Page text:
• They then bind to peroxisome proliferator response elements, which are localized in numerous gene promoters. In particular, PPARs regulates the expression of genes encoding for proteins involved in lipoprotein structure and function.

  • Several such genes have been identified, including those of apoC-III, apoA-I, apoA-II, apoA-IV, acyl coenzyme A oxidase, and possibly that of lipoprotein lipase.

  • The transcriptional downregulation of apoC-III and the upregulation of lipoprotein lipase by fibrates enhance both the intravascular lipolysis of TG-rich lipoproteins as well as their tissue catabolism via apoE-mediated binding to specific cellular receptors.

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Adverse effects

  • G.I.T upset,rash, urticaria

  • Myopathy

  • Since fibrates increase the cholesterol content of bile, they increase the risk for gallstones.

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Drug interactions

  • Increased risk of myopathy when combined with statins.

  • Displace drugs from plasma proteins( e.g. oral anticoagulants and oral hypoglycemic drugs).


    1- Patients with impaired renal functions.

    2- Pregnant or nursing women.

    3-Preexisting gall bladder disease.

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Mechanism of action:

  • In adipose tissue: it binds to adipose nicotinic acid receptors, this will lead to decrease in free fatty acids mobilization from adipocytes to the liver resulting in  TG and thus VLDL synthesis.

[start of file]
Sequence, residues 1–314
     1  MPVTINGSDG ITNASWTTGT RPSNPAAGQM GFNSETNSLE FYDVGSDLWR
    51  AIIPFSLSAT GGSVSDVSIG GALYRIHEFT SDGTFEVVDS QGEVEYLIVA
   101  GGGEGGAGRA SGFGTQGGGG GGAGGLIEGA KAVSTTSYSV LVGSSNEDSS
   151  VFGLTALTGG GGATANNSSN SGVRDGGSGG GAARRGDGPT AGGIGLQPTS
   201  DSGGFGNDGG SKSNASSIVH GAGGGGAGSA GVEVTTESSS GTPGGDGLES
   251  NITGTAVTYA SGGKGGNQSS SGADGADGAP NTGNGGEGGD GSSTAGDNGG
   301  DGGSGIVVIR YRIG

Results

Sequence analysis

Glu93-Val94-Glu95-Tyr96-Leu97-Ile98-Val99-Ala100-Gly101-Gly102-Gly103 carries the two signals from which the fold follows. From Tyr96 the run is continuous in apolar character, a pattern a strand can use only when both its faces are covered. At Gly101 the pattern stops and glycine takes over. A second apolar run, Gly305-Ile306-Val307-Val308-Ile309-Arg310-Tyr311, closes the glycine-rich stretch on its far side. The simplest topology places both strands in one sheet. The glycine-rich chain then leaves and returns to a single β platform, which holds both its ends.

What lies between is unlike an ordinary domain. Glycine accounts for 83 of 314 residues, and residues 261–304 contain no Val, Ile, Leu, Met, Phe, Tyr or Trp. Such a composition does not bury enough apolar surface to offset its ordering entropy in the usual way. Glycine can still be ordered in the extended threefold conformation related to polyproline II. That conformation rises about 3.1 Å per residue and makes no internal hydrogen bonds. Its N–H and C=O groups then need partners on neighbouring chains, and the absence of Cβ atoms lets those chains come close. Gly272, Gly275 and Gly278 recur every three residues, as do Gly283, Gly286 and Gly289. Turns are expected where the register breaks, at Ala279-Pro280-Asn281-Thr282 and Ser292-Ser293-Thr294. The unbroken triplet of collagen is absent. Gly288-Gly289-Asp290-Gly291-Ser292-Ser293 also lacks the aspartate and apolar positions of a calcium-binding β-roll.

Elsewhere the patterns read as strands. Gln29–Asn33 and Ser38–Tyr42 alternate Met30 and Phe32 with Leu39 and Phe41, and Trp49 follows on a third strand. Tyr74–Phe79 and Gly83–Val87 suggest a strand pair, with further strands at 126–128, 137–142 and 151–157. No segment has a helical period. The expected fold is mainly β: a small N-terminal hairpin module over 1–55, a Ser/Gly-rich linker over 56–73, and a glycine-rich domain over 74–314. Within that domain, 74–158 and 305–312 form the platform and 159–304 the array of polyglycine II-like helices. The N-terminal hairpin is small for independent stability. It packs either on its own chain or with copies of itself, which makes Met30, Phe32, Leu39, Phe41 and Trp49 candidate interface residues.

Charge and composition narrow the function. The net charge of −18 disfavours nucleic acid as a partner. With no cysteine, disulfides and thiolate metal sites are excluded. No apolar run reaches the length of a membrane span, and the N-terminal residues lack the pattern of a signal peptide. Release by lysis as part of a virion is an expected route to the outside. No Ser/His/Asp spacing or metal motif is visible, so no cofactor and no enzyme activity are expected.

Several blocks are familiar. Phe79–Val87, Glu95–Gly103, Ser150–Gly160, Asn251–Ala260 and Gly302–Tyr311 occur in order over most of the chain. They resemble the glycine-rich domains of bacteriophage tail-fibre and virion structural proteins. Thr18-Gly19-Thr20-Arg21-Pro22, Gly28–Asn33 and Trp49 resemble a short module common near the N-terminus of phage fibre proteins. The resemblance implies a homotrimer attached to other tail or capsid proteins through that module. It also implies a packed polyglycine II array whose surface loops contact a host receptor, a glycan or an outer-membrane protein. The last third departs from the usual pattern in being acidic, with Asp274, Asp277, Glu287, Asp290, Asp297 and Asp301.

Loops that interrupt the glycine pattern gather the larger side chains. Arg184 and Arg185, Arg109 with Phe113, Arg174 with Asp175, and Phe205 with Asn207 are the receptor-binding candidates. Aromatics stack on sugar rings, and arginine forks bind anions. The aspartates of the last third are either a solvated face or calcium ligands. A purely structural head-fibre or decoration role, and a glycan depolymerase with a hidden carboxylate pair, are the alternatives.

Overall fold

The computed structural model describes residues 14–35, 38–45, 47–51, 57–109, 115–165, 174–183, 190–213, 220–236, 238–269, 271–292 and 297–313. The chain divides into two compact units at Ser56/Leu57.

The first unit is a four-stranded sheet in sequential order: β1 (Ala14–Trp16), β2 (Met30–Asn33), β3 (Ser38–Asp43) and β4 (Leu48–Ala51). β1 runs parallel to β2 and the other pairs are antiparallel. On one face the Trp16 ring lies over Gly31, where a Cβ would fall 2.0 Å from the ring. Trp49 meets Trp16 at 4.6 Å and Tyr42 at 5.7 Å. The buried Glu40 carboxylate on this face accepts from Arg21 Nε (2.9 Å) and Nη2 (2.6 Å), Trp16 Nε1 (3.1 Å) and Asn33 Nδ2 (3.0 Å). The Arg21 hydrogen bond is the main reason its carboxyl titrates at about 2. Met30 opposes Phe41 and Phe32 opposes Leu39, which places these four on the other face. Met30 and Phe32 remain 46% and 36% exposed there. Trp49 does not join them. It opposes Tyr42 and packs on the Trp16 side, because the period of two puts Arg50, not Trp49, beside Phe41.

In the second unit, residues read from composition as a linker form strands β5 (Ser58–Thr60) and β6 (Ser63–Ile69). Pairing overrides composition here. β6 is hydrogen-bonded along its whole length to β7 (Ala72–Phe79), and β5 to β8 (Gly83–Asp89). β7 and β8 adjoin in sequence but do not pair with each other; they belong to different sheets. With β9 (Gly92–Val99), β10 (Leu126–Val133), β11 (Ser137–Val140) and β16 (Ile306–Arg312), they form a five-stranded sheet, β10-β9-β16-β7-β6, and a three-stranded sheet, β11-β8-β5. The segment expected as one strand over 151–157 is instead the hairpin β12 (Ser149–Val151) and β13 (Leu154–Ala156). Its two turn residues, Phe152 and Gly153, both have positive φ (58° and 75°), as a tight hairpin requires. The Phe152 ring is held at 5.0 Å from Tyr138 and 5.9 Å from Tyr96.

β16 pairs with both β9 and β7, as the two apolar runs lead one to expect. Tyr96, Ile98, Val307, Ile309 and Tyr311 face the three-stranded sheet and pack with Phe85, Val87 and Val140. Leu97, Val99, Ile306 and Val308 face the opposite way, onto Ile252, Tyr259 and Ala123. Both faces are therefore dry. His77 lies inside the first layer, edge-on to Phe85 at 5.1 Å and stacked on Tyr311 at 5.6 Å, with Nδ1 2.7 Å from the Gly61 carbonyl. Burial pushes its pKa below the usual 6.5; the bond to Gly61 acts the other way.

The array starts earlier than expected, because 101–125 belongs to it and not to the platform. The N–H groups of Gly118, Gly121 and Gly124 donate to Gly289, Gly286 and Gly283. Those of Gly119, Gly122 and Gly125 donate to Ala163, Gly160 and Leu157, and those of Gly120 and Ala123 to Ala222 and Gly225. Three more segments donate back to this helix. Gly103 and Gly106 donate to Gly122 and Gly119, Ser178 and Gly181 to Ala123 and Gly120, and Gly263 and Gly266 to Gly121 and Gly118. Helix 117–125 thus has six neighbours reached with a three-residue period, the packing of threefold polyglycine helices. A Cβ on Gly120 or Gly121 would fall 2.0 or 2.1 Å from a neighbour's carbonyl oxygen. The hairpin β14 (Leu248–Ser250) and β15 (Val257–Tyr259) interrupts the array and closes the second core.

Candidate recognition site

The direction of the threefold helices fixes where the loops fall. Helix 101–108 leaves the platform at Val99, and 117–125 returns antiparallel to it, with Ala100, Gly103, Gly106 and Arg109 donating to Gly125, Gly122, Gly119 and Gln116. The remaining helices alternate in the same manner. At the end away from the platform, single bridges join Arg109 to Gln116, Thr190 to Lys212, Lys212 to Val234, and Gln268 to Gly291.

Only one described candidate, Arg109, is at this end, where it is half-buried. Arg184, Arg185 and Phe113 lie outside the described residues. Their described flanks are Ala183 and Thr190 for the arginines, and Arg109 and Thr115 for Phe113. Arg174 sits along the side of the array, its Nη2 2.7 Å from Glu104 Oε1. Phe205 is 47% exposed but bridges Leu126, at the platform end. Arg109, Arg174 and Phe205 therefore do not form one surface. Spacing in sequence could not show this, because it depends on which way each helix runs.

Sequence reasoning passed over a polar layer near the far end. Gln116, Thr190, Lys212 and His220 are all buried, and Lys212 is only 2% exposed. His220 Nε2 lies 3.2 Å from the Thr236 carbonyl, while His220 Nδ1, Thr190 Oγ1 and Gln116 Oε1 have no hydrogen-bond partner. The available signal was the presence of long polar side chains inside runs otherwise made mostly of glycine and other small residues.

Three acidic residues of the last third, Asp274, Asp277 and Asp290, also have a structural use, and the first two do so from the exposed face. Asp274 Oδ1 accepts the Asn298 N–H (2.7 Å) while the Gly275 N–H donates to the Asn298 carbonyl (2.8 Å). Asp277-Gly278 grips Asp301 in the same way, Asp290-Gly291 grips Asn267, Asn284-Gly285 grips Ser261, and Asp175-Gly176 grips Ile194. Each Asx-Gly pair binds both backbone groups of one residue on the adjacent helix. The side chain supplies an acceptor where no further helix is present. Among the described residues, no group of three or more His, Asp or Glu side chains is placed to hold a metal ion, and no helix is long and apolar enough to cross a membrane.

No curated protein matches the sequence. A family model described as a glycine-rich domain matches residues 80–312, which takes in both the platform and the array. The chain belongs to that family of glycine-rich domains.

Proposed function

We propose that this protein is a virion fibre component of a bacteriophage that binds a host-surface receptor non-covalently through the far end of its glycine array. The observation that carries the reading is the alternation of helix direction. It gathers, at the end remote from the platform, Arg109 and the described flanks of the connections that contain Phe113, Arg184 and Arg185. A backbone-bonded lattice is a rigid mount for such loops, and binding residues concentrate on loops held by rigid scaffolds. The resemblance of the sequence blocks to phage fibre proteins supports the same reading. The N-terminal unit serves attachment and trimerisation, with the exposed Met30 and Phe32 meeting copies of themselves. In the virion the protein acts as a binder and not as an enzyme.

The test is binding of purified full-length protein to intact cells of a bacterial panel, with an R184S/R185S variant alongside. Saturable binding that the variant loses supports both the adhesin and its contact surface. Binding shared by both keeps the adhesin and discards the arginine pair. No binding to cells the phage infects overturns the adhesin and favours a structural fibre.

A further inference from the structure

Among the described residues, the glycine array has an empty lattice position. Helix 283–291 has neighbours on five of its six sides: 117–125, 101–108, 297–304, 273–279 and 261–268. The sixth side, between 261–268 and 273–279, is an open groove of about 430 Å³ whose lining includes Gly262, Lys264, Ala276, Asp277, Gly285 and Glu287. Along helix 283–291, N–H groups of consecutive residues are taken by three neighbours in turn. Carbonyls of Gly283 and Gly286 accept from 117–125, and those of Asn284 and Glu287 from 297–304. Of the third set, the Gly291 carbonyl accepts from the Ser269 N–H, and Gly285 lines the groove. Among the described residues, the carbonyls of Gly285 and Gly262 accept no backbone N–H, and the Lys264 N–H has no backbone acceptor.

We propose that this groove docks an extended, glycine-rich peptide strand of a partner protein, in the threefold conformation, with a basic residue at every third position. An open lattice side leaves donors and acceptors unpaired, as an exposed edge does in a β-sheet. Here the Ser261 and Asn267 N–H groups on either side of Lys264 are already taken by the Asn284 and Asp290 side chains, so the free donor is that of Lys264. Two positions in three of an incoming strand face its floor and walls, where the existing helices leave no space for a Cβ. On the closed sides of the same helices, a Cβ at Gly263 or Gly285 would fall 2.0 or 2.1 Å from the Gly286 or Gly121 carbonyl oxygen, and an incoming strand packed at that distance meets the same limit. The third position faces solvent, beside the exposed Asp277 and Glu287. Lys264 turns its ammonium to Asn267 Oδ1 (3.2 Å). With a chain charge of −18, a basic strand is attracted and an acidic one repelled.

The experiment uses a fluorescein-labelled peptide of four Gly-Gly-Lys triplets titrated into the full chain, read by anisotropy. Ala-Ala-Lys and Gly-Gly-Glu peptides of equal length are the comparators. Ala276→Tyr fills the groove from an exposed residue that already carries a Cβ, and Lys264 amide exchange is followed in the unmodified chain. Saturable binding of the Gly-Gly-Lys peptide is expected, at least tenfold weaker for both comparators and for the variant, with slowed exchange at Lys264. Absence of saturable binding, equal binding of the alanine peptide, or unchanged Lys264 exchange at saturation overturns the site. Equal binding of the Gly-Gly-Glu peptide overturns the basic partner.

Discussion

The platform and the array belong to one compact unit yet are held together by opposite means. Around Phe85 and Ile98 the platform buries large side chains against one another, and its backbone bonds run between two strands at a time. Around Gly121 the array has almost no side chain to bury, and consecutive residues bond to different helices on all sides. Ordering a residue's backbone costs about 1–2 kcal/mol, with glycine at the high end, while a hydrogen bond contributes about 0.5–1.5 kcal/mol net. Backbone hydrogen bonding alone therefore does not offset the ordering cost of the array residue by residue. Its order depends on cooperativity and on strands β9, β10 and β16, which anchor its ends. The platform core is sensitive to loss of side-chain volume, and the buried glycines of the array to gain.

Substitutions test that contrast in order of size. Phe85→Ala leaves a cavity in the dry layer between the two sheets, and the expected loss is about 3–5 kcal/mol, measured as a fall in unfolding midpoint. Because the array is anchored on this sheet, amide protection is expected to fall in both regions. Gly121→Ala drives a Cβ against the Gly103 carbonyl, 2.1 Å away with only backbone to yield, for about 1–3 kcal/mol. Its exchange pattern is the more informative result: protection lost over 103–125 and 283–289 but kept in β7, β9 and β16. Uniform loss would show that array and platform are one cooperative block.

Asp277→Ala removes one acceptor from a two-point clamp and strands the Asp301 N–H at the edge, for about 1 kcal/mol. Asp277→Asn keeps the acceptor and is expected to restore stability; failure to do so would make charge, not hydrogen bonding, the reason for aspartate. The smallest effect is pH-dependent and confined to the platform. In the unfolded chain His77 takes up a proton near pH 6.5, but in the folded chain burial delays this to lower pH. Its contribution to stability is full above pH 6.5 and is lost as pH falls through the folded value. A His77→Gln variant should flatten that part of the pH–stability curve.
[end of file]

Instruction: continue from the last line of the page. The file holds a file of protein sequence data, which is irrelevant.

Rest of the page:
• In liver: niacin inhibits hepatocyte diacylglycerol acyltransferase-2, a key enzyme for TG synthesis. Thus, it decreases VLDL production (decreased TG synthesis and estrification).

  • In plasma: it increases LPL activity that increases clearance of VLDL & chylomicron.

  • Niacin also promotes hepatic apoA-I production and slows hepatic clearance of apoA-I and HDL through as-yet unknown mechanisms.

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Pharmacological actions

  • Effect on VLDL: Decreased VLDL by:

    1) decreased synthesis in liver;

    2) increased clearance in plasma.

  • Effect on LDL: Decreased LDL due to reduction in its precursor (VLDL).

  • Effect on HDL: Induces modest increase in HDL-C (The catabolism of HDL can be inhibited by nicotinic acid through a mechanism that is largely unknown). Niacin also promotes hepatic apoA-I production and slows hepatic clearance of apoA-I and HDL through as-yet unknown mechanisms.

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Therapeutic Uses

  • Niacin is the most effective medication for increasing HDL cholesterol levels and it has positive effects on the complete lipid profile. It is useful for patients with mixed dyslipidemias.